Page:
D João II (1481 – 1495) is fondly remembered by Portuguese as O Príncipe perfeito (the Perfect Prince) partly because of his effectiveness in re-establishing royal authority. He inherited a strong aristocracy from his weak and dispirited father, D Afonso V, and married his rich cousin D Leonor de Viseu who was the owner of the cities of Faro and Silves in the Algarve. They had only one son who died tragically early, and the crown was destined to pass to one of the Queen´s brothers. D João II needed great skill to deal with a hotbed of intrigue and early in his reign he personally stabbed to death his own brother-in-law. Although he managed to keep subdued the rest of the aristocracy, the sword of Damocles hung over his head, since the new heir apparent was among his enemies. D João made a three month visit to Tavira in 1489 in order to be on hand to recive reports from his soldiers campaigning in Morocco.

D João himself suffered continuing illnesses and it is thought that he died from dropsy. Many contemporaries believed that he was being poisoned, and possibly by his wife. His doctors recommended a visit to Monchique to take the waters, and he was there in October 1495. The king continued southwards to visit Alvor where he died suddenly at the age of 40. The Perfect Prince had an illegitimate son with Tavira born D Ana de Mendonça, who still has a street in Tavira named after her.

View of the Coastline from Monchique
View of the Coastline from Monchique

The most famous royal visit to the Algarve was made by D Sebastião (1557 – 1578). The boy-king made his way southwards and crossed into the the Algarve at Odeceixe on 18 January 1573, two days before his 19th birthday which he celebrated in Lagos. He travelled via Aljezur, Lagos, Cape St Vincent, Portimão, Alvor, Monchique, Silves, Albufeira, Quarteira, Loulé, Faro, Tavira and Castro Marim. He even paid a visit to Ayamonte on 3rd February before leaving for Alcoutim and he left the Algarve altogether on 5th of that month, Maundy Thursday. The whole visit was one of celebration and rejoicing for the people, with mock battles, bullfights and feasts. But the underlying reason for his visit was connected to his desire to restart the wars in Morocco and to emulate his ancestors´ conquests in Africa. He used the visit to look at the fortifications along the coast, to inspect the ordenanças ( we might think of them as Territorial Army) and to consult local leaders. Five years later of course he left Lagos on his ill-fated military expedition to Morocco where he lost both his life and his crown. D Sebastião is known as O Desejado (the desired one) and there is a national feeling of Sebastianismo that one misty morning D Sebasião will return and lead his country back to the broad sunlit uplands.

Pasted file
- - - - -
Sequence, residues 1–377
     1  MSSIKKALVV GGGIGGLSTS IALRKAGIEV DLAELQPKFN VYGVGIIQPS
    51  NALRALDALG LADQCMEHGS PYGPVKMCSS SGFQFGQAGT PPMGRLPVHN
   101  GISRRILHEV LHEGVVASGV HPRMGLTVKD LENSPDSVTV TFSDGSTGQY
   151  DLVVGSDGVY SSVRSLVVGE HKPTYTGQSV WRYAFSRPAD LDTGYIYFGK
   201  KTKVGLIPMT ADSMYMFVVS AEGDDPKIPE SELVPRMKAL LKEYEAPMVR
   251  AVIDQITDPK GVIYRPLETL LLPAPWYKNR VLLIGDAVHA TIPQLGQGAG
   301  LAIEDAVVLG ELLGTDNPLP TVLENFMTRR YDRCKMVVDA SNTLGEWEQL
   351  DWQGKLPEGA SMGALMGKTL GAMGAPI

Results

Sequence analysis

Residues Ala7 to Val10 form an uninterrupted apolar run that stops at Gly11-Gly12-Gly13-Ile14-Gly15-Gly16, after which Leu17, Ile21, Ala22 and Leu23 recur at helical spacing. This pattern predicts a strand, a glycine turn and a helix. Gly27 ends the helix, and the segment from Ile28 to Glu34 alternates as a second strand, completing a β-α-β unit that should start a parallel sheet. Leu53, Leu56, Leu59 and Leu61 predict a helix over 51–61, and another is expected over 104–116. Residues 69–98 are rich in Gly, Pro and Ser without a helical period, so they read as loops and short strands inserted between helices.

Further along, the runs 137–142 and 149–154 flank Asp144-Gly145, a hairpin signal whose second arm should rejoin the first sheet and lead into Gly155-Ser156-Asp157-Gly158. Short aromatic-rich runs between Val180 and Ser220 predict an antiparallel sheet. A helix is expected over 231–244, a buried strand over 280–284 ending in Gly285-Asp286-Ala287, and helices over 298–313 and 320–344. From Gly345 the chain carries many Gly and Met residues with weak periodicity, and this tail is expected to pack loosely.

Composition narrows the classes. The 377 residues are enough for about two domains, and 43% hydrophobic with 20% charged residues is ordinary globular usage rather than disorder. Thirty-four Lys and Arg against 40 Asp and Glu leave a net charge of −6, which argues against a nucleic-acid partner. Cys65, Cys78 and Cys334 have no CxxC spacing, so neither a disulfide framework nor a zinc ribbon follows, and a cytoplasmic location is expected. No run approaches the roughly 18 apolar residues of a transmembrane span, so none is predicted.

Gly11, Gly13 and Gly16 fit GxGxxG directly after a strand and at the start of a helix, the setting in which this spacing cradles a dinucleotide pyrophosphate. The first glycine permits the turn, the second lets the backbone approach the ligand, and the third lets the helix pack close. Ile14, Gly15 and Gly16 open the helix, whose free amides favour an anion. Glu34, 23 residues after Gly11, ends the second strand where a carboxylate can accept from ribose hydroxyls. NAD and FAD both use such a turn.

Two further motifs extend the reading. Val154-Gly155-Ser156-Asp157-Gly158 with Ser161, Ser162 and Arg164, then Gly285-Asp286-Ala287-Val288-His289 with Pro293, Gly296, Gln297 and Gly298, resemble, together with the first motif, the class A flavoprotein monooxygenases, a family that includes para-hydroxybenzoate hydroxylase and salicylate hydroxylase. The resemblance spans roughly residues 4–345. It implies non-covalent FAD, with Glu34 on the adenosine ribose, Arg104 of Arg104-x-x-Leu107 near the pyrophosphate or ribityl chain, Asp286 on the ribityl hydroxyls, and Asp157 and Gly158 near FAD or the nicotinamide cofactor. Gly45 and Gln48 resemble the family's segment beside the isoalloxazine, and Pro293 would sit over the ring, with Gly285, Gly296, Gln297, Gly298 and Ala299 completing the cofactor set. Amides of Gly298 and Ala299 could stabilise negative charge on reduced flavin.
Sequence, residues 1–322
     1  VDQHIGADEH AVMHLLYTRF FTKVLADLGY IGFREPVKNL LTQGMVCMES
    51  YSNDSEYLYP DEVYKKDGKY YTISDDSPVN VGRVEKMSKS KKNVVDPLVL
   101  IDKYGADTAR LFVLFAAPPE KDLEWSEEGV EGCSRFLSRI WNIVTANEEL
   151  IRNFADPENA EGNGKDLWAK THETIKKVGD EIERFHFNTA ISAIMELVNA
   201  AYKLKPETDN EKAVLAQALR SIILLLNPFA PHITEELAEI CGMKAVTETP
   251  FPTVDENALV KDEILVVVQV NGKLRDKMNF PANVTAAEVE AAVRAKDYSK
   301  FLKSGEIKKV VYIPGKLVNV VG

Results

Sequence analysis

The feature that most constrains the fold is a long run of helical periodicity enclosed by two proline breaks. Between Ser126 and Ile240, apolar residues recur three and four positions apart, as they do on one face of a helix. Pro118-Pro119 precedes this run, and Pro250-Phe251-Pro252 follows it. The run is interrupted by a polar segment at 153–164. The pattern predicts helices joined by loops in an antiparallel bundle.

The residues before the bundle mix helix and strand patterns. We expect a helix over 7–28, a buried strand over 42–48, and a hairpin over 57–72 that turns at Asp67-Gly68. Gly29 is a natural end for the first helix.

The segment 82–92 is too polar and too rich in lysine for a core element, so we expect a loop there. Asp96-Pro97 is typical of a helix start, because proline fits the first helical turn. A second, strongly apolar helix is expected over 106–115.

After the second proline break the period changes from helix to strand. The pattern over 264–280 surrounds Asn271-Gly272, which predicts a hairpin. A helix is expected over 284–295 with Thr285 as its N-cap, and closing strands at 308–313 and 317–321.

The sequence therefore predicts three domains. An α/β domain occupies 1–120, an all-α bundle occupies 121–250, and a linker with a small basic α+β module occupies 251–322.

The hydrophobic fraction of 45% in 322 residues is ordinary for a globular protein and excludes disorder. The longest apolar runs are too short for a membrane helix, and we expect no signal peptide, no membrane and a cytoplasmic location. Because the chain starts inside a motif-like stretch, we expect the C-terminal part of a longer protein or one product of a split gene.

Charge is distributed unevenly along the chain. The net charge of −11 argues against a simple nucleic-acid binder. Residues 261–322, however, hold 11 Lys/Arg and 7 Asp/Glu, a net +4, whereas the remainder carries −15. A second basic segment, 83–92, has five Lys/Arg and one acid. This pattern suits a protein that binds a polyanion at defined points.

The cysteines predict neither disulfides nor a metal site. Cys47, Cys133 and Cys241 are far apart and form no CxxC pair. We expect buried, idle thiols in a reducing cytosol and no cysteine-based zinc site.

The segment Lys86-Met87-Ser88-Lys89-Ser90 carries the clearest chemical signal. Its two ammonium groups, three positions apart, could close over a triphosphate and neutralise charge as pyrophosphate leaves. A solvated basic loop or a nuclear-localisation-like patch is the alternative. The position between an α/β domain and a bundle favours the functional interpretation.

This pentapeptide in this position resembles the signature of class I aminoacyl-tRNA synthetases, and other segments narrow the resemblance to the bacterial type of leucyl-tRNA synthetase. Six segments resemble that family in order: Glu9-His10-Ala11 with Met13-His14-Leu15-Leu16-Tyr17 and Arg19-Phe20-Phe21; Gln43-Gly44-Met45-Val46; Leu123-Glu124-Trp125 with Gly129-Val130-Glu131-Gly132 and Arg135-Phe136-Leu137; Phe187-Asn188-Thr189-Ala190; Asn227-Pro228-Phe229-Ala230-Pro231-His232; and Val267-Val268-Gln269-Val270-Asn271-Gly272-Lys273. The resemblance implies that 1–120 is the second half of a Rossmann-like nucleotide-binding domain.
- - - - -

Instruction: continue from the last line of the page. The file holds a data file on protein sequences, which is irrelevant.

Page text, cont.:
Inside the Castle Walls, Alcoutim
Inside the Castle Walls, Alcoutim

Since the visit of D Sebastião, we have been able to find only the visits of D Carlos I (1889 – 1908). He and D Amélia visited Tavira among other Algarvian places in 1897, but the king´s enduring contribution was his enthusiasm for oceanography. Under his leadership, and in the royal yacht D Amélia, began the scientific study of the seafloor. One of his publications from 1898 is A pesca do atum no Algarve (Tuna fishing in the Algarve).

Early royal visits were mainly due to the proximity of the Algarve to the wars against the Moors, either in the Algarve itself, or in Morocco. As Portuguese interest in North Africa became less important, the Algarve ceased to be a focus of royal interest. The people from further north in Portugal disparagingly refer to Algarvians as os mouros, possibly because interest in Morocco and interest in the Algarve go hand in hand.